KUALA LUMPUR, Sports activities are closely related to the level of health but absence of knowledge related to it can be likened to a ticking time bomb, carrying the potential for serious injuries and even tragic loss of life.
Recently, the national sports scene was shaken by the untimely death of a triathlete, with the victim fighting for her life in the Intensive Care Unit (ICU) of the Sultanah Maliha Hospital in Langkawi, before dying.
The 44-year-old woman was competing in the Ironman Langkawi Malaysia on Oct 7 when she suffered health problems and became unconcsious during the swimming part of the event.
Commenting on the incident, Dr. Ahmad Munawwar Helmi Salim, a Sports Medicine specialist from the National Sports Institute (ISN), emphasised that serious injuries often result from inadequate training and neglect of safety measures, such as proper warm-ups before engaging in sports.
Novice enthusiasts, he noted, are more susceptible to injuries compared to professional athletes or those regularly active in sports
“There is a difference in physiological training between those who are active in sports and those who just take up sports. The active group will often warm up before doing high-intensity activities and training. If not done correctly, it can lead to the risk of serious injury," he told Bernama.
Commenting on sudden death while doing sports, Dr Ahmad Munawwar said the risk exists, but it is rare and usually happens to those involved in high-intensity sports and individuals with a history of heart problems.
“People are often puzzled, how can someone who is actively involved in sports suddenly die during an event? For cases like this, there is relatively less research, but there is a high risk for those with heart problems.
"We find the cause of death to be in two categories; over 35 years due to atherosclerosis, i.e., blocked heart blood vessels. For those under 30, it is due to problems in the electrical system of the heart and structural problems in the heart," he said.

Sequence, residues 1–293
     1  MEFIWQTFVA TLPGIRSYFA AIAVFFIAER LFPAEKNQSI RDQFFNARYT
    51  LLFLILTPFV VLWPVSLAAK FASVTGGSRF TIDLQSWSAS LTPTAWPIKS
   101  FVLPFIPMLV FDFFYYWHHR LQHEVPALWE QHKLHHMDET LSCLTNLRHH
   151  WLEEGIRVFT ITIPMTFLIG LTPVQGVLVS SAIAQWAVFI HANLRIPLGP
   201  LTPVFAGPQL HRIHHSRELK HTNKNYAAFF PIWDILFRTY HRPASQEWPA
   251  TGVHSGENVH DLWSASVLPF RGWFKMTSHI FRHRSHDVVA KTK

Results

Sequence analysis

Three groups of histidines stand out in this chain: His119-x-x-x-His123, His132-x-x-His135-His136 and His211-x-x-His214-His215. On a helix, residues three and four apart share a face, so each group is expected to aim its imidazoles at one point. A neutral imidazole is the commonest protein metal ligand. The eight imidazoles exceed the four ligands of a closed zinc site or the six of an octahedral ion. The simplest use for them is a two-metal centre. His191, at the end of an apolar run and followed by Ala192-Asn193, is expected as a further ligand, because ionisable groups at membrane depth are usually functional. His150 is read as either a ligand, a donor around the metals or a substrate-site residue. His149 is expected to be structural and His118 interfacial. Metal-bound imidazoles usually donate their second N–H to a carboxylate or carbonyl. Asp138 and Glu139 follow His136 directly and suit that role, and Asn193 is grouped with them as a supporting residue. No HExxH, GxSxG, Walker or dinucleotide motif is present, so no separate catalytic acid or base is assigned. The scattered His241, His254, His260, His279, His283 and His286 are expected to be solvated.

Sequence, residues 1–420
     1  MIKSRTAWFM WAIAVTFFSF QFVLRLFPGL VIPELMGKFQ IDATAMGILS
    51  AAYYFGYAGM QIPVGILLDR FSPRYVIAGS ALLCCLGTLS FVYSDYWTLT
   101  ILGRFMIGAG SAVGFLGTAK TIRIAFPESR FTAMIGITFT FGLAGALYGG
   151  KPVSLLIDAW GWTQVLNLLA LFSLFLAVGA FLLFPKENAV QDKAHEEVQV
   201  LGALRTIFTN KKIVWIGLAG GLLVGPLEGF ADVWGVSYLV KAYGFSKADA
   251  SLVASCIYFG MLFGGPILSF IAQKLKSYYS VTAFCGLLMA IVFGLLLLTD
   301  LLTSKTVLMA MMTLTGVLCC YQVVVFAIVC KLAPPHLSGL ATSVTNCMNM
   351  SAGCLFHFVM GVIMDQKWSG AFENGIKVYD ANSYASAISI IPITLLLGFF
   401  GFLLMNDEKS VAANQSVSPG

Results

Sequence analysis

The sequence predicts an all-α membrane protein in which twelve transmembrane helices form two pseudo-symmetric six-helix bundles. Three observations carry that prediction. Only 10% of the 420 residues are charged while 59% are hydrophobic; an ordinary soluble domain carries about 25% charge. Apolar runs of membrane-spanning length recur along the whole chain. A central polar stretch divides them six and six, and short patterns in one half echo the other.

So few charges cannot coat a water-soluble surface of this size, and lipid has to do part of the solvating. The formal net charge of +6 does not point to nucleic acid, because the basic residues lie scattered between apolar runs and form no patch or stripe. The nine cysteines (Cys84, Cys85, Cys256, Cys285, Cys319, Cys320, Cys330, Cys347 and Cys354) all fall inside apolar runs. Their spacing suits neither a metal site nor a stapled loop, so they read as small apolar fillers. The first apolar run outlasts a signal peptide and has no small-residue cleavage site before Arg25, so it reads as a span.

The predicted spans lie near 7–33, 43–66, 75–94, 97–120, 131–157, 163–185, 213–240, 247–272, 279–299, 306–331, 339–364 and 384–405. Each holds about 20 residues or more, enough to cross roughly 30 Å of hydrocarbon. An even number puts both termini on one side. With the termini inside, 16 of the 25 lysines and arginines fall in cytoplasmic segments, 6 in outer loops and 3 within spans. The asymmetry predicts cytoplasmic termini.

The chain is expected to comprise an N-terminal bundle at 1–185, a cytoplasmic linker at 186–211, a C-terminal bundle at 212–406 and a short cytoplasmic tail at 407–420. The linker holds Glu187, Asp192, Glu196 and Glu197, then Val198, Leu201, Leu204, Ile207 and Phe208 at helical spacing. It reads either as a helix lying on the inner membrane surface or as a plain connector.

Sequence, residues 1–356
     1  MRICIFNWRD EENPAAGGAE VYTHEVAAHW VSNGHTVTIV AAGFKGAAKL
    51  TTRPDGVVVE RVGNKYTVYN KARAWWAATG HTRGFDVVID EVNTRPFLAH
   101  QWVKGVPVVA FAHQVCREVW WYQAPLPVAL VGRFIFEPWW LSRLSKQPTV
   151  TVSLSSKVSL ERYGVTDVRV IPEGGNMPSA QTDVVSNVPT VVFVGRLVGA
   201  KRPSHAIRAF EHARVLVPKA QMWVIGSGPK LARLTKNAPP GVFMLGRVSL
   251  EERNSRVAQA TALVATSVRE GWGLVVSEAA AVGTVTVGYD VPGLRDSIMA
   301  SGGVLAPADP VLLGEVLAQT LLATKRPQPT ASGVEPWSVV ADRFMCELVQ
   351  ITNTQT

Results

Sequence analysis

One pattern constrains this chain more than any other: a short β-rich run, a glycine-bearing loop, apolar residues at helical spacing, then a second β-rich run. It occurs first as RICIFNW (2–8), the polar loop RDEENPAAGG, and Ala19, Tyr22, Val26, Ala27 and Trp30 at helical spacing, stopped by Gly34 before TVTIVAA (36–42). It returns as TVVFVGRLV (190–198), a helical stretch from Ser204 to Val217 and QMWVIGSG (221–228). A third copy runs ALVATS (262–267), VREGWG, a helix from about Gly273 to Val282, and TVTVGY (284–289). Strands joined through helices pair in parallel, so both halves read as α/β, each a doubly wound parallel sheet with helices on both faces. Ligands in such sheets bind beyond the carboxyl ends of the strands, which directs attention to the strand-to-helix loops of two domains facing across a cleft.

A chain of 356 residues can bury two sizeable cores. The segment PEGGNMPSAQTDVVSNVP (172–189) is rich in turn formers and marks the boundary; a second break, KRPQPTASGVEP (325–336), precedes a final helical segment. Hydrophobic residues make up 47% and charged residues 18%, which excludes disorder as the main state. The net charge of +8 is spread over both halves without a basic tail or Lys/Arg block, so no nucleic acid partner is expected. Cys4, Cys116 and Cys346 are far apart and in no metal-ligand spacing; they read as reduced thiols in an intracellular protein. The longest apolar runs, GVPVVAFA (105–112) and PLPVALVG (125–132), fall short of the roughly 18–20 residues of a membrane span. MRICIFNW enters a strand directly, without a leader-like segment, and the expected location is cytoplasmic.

Despite these risks, he said that sports and exercise are important for an individual's health, recommending at least 150 minutes of exercise per week or 30 minutes each in five days of a week.
Meanwhile, Mohd Sadek Mustafa, Senior Lecturer at the Faculty of Sports Science and Recreation at UiTM Shah Alam, said that besides lack of exercise, the enthusiastic attitude of individuals during sports activities can also contribute to accidents or harm to the individuals involved.
He said that the desire for victory to the point of neglecting safety, as well as stubbornly continuing challenges to win points or cross the finish line when the body signals otherwise, also contributes to serious injuries or death.
"If they are professional athletes, they know when to stop because they know it won't end there... there are many more championships. But for amateur athletes, their satisfaction is when they get medals, jerseys, and money.
“So, they will push beyond their ability limits even though their bodies are actually unable. The capability threshold varies for each individual, but common symptoms include muscle cramps and dizziness," he said.
According to ISN physiologist Chee Lee Ming, with the advancement of sports science today, the body's capability signals can be easily measured using tools such as smartwatches during sports.
“Now many technologies can be used, one of which is heart rate variability (HRV) that can be obtained on smartphone apps for free or for a fee. HRV is a measure of the duration between heartbeats and is also used to measure stress multiplication to adjust the body to exercise and daily activities.
“It can also help an individual check whether their body is ready or not to engage in sports activities," he said.
Source: BERNAMA News Agency